Proton Pulse Rift Canceled, Kickstarter Backers Fully Refunded

proton-pulse-rift-kickstarter-cancelation

There’s some unfortunate news to share today—developer Pushy Pixels of Proton Pulse Rift has announced that further development of the highly regarded Oculus Rift demo has been canceled.

Proton Pulse was an early and well regarded Oculus Rift demo. The demo is most easily described as a 3D/VR version of Breakout Thanks to its simple gameplay, which is controlled only by head movements, Proton Pulse has been the go-to demo for me and many others to get new users (especially non-gamers) familiar with the world of virtual reality.

Developer Pushy Pixels wanted to expand the demo into a full fledged Oculus Rift title and took the project to Kickstarter as Proton Pulse Rift. The project was enthusiastically received by the VR community which helped Pushy Pixels raise $7,099 (236% of its $3,000 goal).

On Monday, Pushy Pixels put out an update on the Kickstarter page announcing that Proton Pulse Rift has been canceled due to “unforeseen consequences.” Pushy Pixels has fully refunded all Kickstarter backers; an admirable decision, especially considering that the developer had to cover Kickstarter’s 5% fee of ~$350 to make sure backers got fully refunded.

You can read the full announcement of the cancellation here:

I would like to begin by expressing my heartfelt gratitude to everyone who supported me, both financially and with encouragement and excitement, over the course of making Proton Pulse into a full-fledged game for the enthusiast VR Community. VR has long been a passion of mine, and the opportunity to make my own game in a VR medium was a thrill for me. What started out as an experiment to sate my own interest turned into a demo, and then promised to be something much more. The fact that other like-minded individuals were excited about it was a wonderful encouragement and kept me working long nights, despite having a full-time day-job and a family.

Eventually, it was no longer just something I was doing for myself, but something I wanted to do for all of you as well. Making something great for all of you who cheered me on, that kept me going. However, If I’ve learned anything about game development, it’s that not everything is predictable. The dynamics of developing Proton Pulse has changed for several reasons and I am unable to continue development of the game.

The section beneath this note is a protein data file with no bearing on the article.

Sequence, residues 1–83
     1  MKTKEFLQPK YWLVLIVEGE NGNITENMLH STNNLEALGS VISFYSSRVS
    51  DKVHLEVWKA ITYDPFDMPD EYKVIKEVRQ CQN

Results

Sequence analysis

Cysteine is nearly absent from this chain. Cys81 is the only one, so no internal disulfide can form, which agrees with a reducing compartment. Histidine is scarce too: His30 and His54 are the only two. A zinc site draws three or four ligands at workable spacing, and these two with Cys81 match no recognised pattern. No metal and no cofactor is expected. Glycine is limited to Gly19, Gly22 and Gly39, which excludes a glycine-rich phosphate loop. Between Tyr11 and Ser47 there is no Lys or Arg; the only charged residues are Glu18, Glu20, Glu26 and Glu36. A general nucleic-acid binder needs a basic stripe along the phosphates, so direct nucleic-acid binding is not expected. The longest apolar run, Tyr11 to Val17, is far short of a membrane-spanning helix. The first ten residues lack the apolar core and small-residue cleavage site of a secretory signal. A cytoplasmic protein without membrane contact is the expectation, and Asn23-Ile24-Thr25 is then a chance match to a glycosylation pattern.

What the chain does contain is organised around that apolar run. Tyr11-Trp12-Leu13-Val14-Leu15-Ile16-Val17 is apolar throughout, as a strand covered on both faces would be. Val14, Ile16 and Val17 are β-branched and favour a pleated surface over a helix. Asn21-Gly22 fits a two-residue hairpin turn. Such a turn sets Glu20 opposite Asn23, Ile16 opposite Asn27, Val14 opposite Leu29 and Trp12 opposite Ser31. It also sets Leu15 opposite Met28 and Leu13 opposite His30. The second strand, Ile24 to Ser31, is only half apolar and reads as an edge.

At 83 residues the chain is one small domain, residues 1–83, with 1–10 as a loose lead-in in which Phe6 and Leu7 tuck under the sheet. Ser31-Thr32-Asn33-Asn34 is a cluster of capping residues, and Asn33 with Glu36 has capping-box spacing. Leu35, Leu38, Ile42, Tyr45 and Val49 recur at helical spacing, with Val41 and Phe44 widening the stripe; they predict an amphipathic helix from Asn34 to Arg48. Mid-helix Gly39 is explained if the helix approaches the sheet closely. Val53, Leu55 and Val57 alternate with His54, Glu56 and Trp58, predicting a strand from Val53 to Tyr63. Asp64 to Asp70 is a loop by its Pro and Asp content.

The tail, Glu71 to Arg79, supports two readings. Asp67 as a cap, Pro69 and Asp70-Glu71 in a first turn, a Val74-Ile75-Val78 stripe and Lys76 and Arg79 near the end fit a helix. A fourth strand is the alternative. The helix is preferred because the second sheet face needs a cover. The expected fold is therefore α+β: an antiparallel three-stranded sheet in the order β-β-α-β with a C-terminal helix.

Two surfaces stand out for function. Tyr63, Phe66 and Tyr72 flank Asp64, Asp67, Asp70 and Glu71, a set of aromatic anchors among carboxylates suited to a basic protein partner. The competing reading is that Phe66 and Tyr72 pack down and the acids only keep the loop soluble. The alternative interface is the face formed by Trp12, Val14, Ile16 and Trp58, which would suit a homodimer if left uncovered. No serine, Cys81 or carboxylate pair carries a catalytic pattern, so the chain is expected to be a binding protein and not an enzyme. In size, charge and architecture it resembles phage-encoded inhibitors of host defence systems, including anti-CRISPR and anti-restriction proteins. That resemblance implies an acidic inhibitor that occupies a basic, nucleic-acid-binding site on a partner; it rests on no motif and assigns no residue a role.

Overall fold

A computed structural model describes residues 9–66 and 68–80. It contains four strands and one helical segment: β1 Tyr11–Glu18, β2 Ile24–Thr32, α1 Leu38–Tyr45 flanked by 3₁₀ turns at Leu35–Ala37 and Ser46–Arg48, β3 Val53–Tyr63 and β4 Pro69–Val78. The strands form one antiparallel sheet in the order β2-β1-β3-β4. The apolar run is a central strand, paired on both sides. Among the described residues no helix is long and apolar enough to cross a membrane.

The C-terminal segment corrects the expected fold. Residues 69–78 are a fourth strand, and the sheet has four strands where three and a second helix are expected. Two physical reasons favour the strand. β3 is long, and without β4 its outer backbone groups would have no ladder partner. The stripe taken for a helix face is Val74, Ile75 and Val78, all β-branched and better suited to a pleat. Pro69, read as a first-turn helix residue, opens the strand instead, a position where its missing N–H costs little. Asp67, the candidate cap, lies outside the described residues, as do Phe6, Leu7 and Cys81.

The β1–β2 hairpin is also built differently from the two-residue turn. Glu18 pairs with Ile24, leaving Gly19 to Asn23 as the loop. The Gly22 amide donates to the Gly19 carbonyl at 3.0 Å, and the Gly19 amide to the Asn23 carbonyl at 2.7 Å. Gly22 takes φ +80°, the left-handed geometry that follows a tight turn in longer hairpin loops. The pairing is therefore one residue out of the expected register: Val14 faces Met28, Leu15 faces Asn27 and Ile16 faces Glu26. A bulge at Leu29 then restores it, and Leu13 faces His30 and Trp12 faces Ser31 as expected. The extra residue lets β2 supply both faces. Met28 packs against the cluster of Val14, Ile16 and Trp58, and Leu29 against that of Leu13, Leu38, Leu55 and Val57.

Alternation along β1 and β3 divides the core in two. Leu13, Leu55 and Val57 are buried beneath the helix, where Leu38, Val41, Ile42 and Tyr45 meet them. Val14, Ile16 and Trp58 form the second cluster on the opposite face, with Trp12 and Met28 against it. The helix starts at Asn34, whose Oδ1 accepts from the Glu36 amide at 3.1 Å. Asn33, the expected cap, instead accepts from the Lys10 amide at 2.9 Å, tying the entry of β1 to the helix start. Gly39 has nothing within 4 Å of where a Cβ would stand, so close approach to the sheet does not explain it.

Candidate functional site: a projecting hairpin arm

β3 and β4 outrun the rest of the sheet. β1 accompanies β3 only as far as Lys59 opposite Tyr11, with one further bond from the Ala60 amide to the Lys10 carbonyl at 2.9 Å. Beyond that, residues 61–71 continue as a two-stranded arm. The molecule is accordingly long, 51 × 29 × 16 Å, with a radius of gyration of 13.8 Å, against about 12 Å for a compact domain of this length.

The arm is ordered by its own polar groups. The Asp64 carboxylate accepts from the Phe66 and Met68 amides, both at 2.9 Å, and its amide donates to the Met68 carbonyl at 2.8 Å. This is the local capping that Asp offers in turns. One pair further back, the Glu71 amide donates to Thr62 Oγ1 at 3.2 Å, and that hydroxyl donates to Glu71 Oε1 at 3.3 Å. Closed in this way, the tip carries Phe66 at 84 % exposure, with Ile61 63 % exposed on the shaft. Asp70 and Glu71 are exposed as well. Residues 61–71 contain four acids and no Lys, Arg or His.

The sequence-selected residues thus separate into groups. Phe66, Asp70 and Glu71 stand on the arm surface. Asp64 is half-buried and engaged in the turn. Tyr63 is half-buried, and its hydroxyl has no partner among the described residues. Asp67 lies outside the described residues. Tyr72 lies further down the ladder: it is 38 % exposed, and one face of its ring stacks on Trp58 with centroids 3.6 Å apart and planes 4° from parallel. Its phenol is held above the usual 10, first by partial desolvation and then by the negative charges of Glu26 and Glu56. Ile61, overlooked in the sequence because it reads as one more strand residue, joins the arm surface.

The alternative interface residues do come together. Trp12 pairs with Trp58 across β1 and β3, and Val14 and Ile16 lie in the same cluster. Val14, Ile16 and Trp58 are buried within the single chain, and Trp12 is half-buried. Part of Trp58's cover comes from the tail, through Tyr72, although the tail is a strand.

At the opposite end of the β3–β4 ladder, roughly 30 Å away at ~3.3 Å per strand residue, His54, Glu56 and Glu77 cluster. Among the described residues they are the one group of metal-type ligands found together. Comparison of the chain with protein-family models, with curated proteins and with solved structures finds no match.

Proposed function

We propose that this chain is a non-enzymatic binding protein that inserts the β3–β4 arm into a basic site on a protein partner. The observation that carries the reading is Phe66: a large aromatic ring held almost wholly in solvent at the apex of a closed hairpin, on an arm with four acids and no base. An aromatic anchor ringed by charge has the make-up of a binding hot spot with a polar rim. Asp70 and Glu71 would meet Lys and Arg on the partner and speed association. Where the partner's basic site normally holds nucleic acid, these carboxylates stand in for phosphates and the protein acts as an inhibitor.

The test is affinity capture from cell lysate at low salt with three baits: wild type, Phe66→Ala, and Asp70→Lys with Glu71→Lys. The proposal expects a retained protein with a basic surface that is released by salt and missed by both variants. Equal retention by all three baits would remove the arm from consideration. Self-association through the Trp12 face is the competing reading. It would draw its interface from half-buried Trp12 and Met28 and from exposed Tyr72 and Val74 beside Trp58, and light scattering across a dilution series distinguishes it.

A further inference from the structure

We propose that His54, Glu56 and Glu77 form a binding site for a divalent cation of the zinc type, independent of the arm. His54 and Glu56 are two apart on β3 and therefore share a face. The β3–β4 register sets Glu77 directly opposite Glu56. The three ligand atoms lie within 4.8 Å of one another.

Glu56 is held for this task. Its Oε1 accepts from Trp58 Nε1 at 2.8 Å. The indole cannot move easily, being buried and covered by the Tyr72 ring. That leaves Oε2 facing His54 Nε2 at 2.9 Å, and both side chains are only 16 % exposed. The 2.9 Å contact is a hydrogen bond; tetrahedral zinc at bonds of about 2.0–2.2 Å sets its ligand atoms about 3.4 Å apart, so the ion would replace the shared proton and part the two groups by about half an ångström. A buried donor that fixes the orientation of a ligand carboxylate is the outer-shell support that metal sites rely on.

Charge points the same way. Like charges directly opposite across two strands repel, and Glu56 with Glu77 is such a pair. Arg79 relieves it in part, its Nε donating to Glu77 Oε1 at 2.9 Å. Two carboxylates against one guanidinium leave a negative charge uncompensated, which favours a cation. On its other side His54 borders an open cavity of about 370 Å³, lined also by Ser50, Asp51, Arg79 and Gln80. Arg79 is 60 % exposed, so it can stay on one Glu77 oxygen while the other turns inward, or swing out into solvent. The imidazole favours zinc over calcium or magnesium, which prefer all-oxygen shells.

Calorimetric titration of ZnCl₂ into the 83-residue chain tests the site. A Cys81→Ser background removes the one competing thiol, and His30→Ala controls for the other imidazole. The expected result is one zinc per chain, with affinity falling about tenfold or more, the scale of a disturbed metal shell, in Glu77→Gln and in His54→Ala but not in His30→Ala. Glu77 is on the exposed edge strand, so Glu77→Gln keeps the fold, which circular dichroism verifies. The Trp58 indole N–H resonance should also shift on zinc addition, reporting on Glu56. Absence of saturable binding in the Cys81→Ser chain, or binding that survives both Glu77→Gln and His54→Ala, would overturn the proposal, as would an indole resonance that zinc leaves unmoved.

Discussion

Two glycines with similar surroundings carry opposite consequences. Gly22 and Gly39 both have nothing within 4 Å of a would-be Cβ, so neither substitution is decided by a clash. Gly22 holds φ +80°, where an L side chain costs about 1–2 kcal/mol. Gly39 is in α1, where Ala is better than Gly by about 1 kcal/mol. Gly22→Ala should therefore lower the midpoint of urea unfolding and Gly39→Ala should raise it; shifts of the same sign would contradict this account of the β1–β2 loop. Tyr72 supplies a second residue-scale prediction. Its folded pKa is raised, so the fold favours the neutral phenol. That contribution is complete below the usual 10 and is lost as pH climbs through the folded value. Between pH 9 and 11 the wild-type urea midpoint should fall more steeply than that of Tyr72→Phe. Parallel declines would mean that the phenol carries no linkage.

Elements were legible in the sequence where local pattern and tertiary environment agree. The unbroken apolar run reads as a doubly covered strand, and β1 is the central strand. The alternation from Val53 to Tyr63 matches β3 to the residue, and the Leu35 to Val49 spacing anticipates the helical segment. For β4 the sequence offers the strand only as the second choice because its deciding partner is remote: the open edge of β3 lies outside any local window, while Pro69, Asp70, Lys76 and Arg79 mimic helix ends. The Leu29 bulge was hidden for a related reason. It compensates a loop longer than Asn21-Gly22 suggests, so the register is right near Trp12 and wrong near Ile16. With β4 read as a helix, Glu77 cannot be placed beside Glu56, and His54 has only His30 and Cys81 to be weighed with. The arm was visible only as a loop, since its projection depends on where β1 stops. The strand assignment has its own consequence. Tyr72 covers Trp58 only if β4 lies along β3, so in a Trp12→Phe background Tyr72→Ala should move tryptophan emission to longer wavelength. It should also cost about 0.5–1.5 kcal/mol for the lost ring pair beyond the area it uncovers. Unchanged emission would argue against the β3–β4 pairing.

And so, it is with deep regret and sadness that I write to you all today with the unfortunate notice that this project is coming to an end. All payments to the kickstarter have been refunded in full. I wish deeply that I could give you more than simply returning your money.

It would seem that the developer is unable to talk about specifics regarding the cancellation of Proton Pulse Rift. This could allude to unfortunate personal matters or legal pressure from rights holders (related: Wikipedia actually has an entire ‘Breakout clone‘ page which categorizes games based on Breakout) . The Proton Pulse demo appears to have been removed, which makes me think the latter is more likely. The demo was distributed for free prior to its removal so it will likely remain available through unofficial sources.

Regardless of the reason, I think I speak for most when I say it’s unfortunate to see this project bite the dust. Hopefully this isn’t the end for Pushy Pixels.

Comments

  1. Mageoftheyear says

    :(

    Now I’m really sad, I was so looking forward to this game. I can’t begin to express how pissed of I’d be if this were for “violation of IP” bull. Proton Pulse was its own game with its own vision and it deserved a place on our hard-drives!… Sorry, but this kind of crap really gets to me.

    If it was for personal reasons… hey, life gets in the way sometimes, I’m not angry about the cancellation and above all I hope the devs came out with their sanity an integrity in check. That last one has already been fulfilled.